Two years after its release, Fortnite still dominates the online gaming space, sucking all the air out of the room with its 350 million players, massive celebrity endorsements and ruthlessly compelling dance routines. But, far away from that game’s rainbow-coloured cartoon scapes, there are team-based shooters requiring patience, strategy and cooperation; where real-world physics, weapons and environments replace laser pistols and super powers, and where a single wrong move can blow the whole operation. If you’re looking for a tactical step up from run-and-gun blasters, here are seven of the best examples.
Based on a perilous proxy war taking place on a fictitious Mediterranean island, Bohemia Interactive’s near-future military simulation originally won praise for its deep, open-world campaign mode. Since then, it’s the multiplayer element that’s become the star, allowing fans to design, build and share their own variations, so you can engage in anything from tense squad-based skirmishes to massive 50 v 50 battles in a range of strategy scenarios. For this vast modding community and the influence the game has had on other developers, Arma III is very much the Doom of tactical shooters.
Originally developed as a modification of Half-Life, Counter-Strike is one of the most influential shooters of the modern era and a key component of the esports scene. The fourth title in the series features small teams of counter-terrorists and militants taking it in turns to defend objectives against each other in a series of detailed locations. Weapons are authentic, from assault rifles to fire bombs, and the lack of respawns means one wrong move sends you out of the round, leading to incredible tension as the bodycount mounts. Now free-to-play and with lots of different game modes, this is a good place to test your skills as a tactical player.Incredible tension … Counter Strike: Global Offensive. Photograph: Valve
Still in early access on Steam, Squad is another highly authentic military shooter, set in a large open environment. Here, two armies of up to 50 players each build fortifications, use vehicles and study the landscape to develop battle strategies. The lack of a heads-up display to show your ammo and team positions means players have to work closely together, using a separate map screen to coordinate attacks. Engagements can involve sudden vicious gun fights or nerve-jangling snail’s-pace treks over rocky mountain passes only to be sniped at from a hill half a mile away. With a supportive community and regular content updates, it’s a welcoming introduction to tactical combat.
With its Middle East setting, incredible sound design and hugely authentic contemporary weapons that feel unsettlingly real to use, Insurgency: Sandstorm is like an interactive version of gritty war movies such as American Sniper, Hurt Locker and Lone Survivor. Bullets ping through the air, ricocheting off walls with a deadly crack, injured soldiers cry out, and explosions have a shocking, ear-bursting intensity. With a range of objective-based play modes, this is a game about making slow progress through wrecked villages with a small, well-organised team and one eye on every darkened, distant window.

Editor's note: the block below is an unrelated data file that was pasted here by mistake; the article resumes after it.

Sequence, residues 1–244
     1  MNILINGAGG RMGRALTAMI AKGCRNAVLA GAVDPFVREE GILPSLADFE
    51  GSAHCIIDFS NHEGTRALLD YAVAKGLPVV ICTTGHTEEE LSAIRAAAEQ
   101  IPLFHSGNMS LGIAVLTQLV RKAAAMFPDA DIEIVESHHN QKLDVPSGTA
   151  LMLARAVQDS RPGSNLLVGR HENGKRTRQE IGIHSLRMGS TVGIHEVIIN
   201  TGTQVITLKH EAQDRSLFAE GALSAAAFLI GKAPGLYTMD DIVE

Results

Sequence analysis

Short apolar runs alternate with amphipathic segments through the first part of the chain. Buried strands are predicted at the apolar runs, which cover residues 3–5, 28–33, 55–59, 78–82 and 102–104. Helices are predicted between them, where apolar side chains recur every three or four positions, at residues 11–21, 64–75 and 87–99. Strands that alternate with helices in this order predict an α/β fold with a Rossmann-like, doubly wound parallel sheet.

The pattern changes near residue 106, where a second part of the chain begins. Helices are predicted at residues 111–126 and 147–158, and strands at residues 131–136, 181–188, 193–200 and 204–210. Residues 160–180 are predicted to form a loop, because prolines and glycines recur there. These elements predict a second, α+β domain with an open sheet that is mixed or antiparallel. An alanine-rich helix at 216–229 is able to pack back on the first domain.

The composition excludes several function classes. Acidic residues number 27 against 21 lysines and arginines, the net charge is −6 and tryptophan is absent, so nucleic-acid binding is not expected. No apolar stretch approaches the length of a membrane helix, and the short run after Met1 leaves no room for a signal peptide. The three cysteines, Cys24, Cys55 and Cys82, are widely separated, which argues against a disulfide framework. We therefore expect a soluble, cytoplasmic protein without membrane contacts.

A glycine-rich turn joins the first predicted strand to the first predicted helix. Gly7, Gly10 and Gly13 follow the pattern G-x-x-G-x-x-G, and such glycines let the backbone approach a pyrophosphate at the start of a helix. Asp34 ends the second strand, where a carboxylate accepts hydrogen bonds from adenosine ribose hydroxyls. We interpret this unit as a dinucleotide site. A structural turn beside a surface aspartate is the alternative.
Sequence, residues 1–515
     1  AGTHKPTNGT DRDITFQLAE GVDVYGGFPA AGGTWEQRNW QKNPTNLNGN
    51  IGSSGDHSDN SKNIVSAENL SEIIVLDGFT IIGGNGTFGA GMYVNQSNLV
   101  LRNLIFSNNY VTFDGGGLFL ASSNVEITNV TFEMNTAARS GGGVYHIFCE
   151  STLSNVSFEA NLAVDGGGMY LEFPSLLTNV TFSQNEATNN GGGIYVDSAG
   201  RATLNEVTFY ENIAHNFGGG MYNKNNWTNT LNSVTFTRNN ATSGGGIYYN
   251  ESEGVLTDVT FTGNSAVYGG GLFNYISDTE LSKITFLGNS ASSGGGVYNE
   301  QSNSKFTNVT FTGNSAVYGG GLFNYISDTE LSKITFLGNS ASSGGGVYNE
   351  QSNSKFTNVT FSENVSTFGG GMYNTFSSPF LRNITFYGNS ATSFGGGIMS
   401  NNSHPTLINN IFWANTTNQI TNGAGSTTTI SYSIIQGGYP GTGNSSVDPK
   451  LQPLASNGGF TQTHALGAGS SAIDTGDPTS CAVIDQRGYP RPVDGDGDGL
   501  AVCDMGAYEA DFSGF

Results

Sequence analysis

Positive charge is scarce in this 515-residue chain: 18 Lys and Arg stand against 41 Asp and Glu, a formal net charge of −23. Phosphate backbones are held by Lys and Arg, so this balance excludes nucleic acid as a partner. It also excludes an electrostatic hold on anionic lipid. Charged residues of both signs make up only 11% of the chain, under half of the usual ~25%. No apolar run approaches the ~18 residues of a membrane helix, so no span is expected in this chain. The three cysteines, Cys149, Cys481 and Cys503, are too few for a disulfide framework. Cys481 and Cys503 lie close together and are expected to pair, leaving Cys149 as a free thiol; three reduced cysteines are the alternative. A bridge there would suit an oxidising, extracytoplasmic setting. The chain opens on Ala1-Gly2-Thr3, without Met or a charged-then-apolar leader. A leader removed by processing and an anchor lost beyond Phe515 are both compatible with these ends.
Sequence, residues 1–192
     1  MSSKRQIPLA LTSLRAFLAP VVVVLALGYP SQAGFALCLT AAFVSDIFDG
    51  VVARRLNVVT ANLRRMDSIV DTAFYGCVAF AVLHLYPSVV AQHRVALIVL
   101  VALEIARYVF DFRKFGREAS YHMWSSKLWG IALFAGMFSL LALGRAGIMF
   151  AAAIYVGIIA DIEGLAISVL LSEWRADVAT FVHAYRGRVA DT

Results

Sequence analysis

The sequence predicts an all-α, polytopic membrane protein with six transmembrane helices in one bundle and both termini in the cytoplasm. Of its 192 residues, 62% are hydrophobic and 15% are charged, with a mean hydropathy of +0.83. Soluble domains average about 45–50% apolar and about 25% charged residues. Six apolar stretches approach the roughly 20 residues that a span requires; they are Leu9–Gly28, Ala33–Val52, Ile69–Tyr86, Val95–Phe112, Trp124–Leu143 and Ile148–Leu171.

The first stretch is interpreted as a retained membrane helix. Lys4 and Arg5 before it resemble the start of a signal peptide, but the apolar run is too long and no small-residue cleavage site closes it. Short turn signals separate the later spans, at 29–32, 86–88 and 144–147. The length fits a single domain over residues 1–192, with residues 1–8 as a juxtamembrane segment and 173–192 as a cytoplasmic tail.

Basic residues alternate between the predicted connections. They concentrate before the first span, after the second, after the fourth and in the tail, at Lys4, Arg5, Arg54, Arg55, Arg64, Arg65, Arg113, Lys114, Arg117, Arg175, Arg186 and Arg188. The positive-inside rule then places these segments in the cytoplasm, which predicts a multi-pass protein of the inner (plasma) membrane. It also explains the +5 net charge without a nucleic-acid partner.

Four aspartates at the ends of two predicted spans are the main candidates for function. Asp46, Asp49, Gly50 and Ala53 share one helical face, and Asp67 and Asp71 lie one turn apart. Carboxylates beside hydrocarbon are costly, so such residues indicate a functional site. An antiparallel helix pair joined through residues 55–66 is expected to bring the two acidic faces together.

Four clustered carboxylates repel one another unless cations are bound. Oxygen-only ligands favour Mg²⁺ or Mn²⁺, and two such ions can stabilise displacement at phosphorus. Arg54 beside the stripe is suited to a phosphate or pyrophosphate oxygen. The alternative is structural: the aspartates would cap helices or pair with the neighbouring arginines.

Set in a woozy, broken down version of rural Louisiana at the close of the 19th century, Hunt: Showdown is an innovative combination of Left 4 Dead, DayZ and Red Dead Redemption’s excellent Undead Nightmare expansion. You’re a bounty hunter tracking down demonic monsters amid a zombie plague, but the catch is each open-world location has a dozen other players looking to beat you to the prize. Working in teams of up to three, you must make silent, careful progress through the undead hordes – and if your character is killed, you lose them and their gear for ever, forcing you to recruit a new hunter avatar. The clever mix of survival horror and team-based shooter have made this a cult favourite online.Zombie plague … Hunt: Showdown. Photograph: Crytek
Another tactical shooter still in Steam’s Early Access, Ground Branch is inspired by the uncompromising military sims of the early 2000s – the likes of Rainbow Six, Operation Flashpoint and Full Spectrum Warrior. Players take on various roles within the CIA’s paramilitary arm, using complex character and equipment customisation options to prepare for specific tasks. Offering accurate ballistics, authentic injuries, and an encumbrance system that ensures you move slower if you bring your whole armoury on the mission with you, Ground Branch is not one for players who just want to sprint into the middle of a fight wielding twin machine guns.
Highly influenced by CS: GO, Ubisoft’s tactical team-based shooter allows players to choose from a range of special forces operatives before indulging in five v five missions, where one team is protecting an asset (which may be a bomb, hostage or bio-weapon), while the other is infiltrating the building to take it out. Taking place in a range of interesting locations from passenger airliners to sun-drenched villas, the emphasis here is on preparation and cooperation, with gadgets such as drones and hidden cameras available to watch for enemy soldiers. The lack of respawns and the deadly speed of engagements make for some truly gripping set-pieces.
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